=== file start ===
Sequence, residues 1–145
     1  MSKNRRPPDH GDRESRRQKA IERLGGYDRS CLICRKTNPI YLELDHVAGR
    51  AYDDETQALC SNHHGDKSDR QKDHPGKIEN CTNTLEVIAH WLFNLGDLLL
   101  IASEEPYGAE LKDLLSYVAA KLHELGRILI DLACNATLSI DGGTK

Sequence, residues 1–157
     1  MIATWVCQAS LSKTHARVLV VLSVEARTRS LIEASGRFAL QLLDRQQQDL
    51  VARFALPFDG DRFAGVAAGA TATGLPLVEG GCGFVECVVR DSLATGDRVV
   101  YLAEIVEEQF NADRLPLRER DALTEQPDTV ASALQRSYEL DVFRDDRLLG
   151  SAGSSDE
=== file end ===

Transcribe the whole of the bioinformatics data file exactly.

Sequence, residues 1–145
     1  MSKNRRPPDH GDRESRRQKA IERLGGYDRS CLICRKTNPI YLELDHVAGR
    51  AYDDETQALC SNHHGDKSDR QKDHPGKIEN CTNTLEVIAH WLFNLGDLLL
   101  IASEEPYGAE LKDLLSYVAA KLHELGRILI DLACNATLSI DGGTK

Sequence, residues 1–157
     1  MIATWVCQAS LSKTHARVLV VLSVEARTRS LIEASGRFAL QLLDRQQQDL
    51  VARFALPFDG DRFAGVAAGA TATGLPLVEG GCGFVECVVR DSLATGDRVV
   101  YLAEIVEEQF NADRLPLRER DALTEQPDTV ASALQRSYEL DVFRDDRLLG
   151  SAGSSDE